An alliance full of serious potential
The next summit of Shanghai Cooperation Organisation (SCO) is scheduled at Tashkent in the middle of 2016 with India and Pakistan joining as full members of this emerging powerful regional grouping. India is now advantageously placed to pursue its programmes at both political and economic levels at the SCO forum. The SCO forum has six members- China, Russia, Uzbekistan, Kazakhstan, Kyrgyzstan, and Tajikistan, apart from the two new members in India and Pakistan. The last summit at Ufa in Russian Federation in July this year set the stage for the entry of India and Pakistan to the SCO. This was after a long wait as the 2016 summit opens up immense opportunities for India to expand its economic and trade relations with the four central Asian countries apart from Russia and China.
Significantly, it was Russian President Vladimir Putin who backed the entrance of new members. In his concluding up remarks, Putin said that the upcoming accession of India and Pakistan into the SCO would help the organisation face current challenges and threats to the security of the region. For the first time in its history since its birth in 2001, the SCO has opened its doors to new members. The anxiety of the Russian and Chinese leaders to broaden the SCO forum and make it more representative is clear from the fact that status of other member nations were upgraded. For instance, Belarus’ status has been raised to an Observer from earlier dialogue partner and four more countries- Azerbaijan, Cambodia, Armenia, and Nepal have been given the status of dialogue partners.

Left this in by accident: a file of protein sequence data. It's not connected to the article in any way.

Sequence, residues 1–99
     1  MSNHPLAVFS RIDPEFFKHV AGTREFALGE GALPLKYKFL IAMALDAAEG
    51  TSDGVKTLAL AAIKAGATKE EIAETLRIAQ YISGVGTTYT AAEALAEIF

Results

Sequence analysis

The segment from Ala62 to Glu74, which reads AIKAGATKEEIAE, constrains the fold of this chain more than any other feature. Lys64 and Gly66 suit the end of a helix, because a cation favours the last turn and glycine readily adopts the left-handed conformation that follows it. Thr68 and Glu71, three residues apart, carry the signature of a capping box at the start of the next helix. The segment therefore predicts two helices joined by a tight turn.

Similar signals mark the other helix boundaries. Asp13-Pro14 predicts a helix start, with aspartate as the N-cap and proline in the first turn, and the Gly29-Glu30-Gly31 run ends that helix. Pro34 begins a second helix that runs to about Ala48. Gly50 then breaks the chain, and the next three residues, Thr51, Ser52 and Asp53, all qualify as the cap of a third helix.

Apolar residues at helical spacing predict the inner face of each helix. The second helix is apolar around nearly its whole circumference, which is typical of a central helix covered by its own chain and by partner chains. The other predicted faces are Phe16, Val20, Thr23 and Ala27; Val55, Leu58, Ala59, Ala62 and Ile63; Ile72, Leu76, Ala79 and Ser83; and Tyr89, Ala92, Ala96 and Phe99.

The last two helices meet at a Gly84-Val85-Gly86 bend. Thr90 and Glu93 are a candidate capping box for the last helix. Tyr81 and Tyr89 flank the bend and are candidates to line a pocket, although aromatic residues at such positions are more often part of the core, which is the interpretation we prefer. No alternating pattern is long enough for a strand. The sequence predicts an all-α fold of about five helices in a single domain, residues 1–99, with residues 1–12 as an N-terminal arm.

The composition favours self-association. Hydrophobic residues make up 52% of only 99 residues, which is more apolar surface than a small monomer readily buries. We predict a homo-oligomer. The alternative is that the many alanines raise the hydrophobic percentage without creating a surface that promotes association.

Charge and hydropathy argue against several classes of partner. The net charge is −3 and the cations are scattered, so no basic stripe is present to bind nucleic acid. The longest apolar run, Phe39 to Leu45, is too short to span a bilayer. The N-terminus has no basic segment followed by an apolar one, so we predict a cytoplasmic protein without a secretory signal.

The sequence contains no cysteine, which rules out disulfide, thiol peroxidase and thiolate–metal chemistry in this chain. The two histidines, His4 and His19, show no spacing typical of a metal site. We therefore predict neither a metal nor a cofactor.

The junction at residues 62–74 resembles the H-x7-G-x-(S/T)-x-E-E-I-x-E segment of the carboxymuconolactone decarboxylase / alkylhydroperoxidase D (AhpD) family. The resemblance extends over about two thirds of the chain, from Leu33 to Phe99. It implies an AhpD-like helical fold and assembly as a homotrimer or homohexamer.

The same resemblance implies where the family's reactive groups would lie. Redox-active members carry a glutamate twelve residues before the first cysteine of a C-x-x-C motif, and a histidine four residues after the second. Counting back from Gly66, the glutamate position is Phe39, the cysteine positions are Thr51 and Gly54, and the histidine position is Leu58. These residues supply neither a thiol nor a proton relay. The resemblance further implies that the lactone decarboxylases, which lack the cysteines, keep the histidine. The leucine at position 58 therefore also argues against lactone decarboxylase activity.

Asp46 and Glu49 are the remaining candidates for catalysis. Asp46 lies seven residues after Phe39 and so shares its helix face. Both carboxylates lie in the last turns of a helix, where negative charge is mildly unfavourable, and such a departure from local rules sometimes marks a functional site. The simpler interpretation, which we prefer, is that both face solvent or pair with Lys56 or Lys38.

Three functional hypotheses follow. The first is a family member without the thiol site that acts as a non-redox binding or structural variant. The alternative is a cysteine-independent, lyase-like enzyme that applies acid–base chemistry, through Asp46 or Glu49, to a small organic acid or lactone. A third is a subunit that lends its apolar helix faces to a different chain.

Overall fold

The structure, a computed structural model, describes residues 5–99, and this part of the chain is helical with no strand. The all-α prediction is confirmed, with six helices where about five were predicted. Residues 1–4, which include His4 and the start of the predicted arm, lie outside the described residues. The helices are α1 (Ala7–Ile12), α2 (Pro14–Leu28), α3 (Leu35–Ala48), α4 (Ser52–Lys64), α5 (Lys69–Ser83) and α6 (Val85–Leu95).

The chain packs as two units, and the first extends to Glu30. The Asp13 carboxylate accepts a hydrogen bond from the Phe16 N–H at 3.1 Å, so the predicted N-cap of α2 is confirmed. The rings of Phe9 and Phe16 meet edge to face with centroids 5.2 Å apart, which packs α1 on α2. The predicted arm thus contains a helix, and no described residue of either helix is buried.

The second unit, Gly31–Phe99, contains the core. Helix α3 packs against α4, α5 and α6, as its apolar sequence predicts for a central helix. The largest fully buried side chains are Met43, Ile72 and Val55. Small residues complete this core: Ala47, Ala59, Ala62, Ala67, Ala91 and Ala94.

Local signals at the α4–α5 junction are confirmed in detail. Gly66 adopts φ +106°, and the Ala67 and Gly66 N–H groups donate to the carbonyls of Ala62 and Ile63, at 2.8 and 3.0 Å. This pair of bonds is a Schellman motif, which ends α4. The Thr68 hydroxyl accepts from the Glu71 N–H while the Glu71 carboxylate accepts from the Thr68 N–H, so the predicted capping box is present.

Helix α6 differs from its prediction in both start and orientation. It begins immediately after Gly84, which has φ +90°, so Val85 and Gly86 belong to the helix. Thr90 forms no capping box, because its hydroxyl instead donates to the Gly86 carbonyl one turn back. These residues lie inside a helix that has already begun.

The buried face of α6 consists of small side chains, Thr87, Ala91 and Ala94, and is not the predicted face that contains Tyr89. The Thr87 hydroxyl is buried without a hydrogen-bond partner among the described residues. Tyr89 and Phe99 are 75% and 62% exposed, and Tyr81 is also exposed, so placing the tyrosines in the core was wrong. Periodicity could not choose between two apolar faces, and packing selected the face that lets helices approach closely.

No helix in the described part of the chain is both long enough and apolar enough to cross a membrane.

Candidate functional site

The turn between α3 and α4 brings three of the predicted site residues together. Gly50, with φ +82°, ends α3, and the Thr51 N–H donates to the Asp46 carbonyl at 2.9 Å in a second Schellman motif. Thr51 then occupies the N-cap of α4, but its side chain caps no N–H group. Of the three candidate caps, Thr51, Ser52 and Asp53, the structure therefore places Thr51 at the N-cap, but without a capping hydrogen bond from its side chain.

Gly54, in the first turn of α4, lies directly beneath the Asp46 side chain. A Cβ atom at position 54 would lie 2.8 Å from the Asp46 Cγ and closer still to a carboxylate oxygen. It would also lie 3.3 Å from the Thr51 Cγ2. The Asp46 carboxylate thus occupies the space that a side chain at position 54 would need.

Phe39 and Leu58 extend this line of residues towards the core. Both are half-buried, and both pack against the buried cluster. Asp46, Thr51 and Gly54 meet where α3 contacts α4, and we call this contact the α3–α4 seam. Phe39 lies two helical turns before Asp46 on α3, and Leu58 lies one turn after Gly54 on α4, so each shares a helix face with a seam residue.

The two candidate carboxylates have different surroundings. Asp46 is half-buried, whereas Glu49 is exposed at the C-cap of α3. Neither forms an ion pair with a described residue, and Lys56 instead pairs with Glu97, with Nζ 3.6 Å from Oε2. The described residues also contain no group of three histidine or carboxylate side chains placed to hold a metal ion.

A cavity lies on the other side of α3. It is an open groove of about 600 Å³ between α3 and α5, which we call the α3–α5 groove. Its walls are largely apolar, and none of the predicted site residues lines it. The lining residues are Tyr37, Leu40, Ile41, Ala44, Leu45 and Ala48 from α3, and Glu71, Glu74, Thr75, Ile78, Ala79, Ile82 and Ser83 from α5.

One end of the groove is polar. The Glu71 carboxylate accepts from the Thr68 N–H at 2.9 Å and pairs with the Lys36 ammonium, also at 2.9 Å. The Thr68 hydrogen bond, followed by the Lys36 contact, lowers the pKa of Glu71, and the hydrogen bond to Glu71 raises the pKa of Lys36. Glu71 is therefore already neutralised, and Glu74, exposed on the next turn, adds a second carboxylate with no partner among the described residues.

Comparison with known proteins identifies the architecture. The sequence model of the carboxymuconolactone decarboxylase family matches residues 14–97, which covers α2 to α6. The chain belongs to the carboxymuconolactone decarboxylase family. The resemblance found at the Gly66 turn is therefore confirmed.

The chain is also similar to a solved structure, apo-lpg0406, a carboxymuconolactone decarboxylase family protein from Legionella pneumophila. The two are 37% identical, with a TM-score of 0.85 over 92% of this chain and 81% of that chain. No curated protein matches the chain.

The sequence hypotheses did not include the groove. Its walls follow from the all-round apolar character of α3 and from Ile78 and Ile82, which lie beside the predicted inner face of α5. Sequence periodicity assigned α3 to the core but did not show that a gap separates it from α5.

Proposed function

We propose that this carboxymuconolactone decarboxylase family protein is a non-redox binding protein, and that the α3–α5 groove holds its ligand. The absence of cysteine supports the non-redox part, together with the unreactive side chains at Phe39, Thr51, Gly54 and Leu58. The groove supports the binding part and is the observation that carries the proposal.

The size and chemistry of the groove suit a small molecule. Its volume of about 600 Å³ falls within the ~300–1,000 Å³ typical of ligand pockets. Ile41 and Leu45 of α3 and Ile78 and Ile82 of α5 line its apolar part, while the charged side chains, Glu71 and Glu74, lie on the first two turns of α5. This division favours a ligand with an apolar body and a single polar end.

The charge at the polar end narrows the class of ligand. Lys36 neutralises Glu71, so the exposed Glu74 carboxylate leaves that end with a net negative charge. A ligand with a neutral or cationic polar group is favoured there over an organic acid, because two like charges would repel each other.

That way the expansion of the SCO forum has taken note of the latest developments in the region. There are efforts to accommodate those countries in the region that can play <g data-gr-id="64">an useful</g> role in the transformation of the Eurasian continent. The Eurasian continent can transform into a region of peace and stability while ensuring economic progress and cooperation. Iran has also evinced interest in membership. Russia has also shown interest in Iran. But indications suggest that at the 2016 summit, this may not be possible and Iran will have to wait for some more time. However, Iran has emerged as a very important player in the region and both Russia and China are interested in involving Iran in the activities of the SCO. That way, the initiative can be taken at the Tashkent summit for taking Iran as a dialogue partner.
The SCO has strict membership rules for new members. The SCO at its 2010 summit approved rules on accepting new members. According to the rules, news members to the SCO must be Eurasian nations, have diplomatic relations with all current member states and have either Observer or Dialogue Partner status. However, the rules stipulate that the would-be member countries must not be subject to UN sanctions. That way, it will take some more time for Iran to be considered for SCO membership as per rules though the major members are interested in Iran.